What the Heck is Structural Equation Modeling?

I took an entire semester on structural equation modeling (SEM), and I still only have a rather fuzzy idea of what it is. In short, this is the best technical definition I’ve arrived at.

A Brief Technical Definition of SEM

Structural equation modeling is a research method that combines factor analysis and path analysis to mathematically describe complex conceptual mechanisms in a medium size dataset.

Factor analysis measures latent traits indirectly from measureable variables by either exploring new models, or confirming hypothesized ones.

Path analysis is linear regression repeated where one outcome, or dependent variable, becomes the exposure, or independent variable, for the subsequent regression.

That may make some semblance of sense if you’re familiar with statistics and psychometrics, the field of using surveys to measure educational and psychological abilities. So what is SEM to normal, decent, God-fearing people?

A Conceptual Definition of SEM

Structural equation modeling is a loosly defined quantitative method of building and then testing a mechanistic model. If a researcher understands a concept, they can then propose a model, where one step affects another, which may then inhibit a third step, and so on. Once a model of sequential steps is described, it can be tested against similar models by various statistical methods. The inferior mechanistic model is discarded in an iteraive process as the researcher strives ever nearer to the truth.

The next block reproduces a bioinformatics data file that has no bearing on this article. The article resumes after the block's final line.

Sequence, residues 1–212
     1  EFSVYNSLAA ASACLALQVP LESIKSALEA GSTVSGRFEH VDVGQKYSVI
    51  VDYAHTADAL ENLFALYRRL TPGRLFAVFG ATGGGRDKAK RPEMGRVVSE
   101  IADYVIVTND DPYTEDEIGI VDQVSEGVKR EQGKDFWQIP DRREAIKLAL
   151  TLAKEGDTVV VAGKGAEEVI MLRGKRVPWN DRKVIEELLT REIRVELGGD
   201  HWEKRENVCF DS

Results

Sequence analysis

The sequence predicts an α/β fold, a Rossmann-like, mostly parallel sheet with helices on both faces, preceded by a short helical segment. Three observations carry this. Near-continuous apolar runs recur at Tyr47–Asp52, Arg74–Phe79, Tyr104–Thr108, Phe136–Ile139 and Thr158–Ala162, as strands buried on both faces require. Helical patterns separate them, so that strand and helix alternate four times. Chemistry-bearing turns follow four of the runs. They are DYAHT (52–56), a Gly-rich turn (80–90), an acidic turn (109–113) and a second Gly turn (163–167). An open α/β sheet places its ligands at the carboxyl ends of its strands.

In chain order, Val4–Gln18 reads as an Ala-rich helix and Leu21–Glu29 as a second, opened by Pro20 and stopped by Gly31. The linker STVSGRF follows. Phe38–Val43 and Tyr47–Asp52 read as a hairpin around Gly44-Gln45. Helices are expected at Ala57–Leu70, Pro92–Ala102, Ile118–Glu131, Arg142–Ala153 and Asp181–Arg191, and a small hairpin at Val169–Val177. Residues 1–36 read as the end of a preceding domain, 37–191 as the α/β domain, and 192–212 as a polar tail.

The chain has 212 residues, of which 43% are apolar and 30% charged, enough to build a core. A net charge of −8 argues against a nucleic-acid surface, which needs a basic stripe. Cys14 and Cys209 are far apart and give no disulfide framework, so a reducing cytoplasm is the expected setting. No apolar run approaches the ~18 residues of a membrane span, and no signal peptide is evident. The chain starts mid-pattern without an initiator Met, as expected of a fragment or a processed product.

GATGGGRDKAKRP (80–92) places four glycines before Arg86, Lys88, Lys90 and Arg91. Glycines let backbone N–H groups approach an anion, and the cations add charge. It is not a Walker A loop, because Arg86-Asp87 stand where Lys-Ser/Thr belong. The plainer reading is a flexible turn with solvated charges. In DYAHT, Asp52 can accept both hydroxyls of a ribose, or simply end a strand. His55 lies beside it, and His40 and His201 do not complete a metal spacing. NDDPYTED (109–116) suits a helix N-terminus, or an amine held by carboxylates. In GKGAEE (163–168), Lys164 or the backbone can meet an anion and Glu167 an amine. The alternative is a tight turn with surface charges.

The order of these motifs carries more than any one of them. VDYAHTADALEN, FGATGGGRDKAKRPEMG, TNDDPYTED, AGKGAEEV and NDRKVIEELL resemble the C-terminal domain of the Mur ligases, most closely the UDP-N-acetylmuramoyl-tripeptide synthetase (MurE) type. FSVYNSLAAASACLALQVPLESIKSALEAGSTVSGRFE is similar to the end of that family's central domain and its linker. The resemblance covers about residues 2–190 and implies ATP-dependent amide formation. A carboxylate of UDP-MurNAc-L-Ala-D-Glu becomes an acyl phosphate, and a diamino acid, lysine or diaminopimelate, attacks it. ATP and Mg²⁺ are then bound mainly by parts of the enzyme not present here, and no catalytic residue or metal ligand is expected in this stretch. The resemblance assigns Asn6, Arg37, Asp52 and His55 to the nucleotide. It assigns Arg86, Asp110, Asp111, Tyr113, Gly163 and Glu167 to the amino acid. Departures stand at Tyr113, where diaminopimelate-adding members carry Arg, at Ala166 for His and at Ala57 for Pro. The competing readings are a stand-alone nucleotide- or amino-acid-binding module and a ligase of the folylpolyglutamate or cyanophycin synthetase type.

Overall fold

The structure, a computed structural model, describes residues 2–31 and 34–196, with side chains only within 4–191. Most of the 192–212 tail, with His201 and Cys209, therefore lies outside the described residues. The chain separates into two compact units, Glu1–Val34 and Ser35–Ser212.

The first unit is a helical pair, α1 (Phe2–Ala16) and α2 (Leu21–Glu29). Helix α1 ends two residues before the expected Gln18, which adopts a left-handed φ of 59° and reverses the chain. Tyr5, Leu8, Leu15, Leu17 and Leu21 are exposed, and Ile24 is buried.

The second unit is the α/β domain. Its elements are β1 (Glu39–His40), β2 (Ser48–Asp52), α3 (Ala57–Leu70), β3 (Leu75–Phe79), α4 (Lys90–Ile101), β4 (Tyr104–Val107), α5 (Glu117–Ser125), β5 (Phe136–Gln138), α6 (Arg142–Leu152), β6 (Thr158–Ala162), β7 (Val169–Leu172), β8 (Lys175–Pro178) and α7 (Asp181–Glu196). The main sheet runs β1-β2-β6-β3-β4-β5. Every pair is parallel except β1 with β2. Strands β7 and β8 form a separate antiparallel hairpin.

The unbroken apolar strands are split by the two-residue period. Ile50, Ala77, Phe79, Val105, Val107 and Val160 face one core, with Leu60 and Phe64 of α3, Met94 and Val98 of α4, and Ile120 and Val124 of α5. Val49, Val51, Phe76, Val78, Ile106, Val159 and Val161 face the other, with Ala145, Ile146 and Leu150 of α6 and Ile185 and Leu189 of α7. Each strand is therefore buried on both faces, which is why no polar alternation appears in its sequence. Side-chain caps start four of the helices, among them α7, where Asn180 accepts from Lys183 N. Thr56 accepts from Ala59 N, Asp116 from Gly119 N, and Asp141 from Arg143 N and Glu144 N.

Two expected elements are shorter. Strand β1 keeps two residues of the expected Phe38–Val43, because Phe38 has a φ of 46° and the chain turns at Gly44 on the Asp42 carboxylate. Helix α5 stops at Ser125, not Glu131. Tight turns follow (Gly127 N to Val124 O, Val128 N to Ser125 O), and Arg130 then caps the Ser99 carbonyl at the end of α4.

Honestly I don’t think the above description is elegant enough to explain SEM to my grandmother. But it should be enough to communicate with other students and researchers.

What do SEM Models Look Like?

Okay, don’t lose me here. Just relax and kind of let your eyes out of focus. Don’t look at the details.

Image result for structural equation modeling

Whew, look away!

This is a google image of an SEM diagram. I’ve no idea what it’s trying to explain. And that’s kind of the fun of SEM. You look really smart, but you’ll probably have a rough time explaining your theoretical mechanism to anyone.

These are mechanisms, and they look like spiderwebs of circles and rectangles with arrows going everywhere. There’s a technical language to the SEM model diagrams that you can learn from some of the links at the bottom. But for now, just know how to spot an SEM model diagram in the wild.

An Application of SEM: Survey Data

SEM is a method that has a couple really great applications and many terrible ones. It’s great if you have a data set that is on the order of magnitude of 100 to 1,000 observations. The variables in the model should also be continuous, as dichotomous and integer variables lead to mathematical problems. For this reason, SEM is more common in psychology and the humanities rather than medicine or epidemiology…at least for now. In particular, SEM tends to be applied to survey data.

Survey data takes a bunch of items, adds them up in some fashion, and produces a continuous score. We all know this from elementary school, where if you got 79% on a quiz and your friend got 80%, then she was smarter than you and that was that.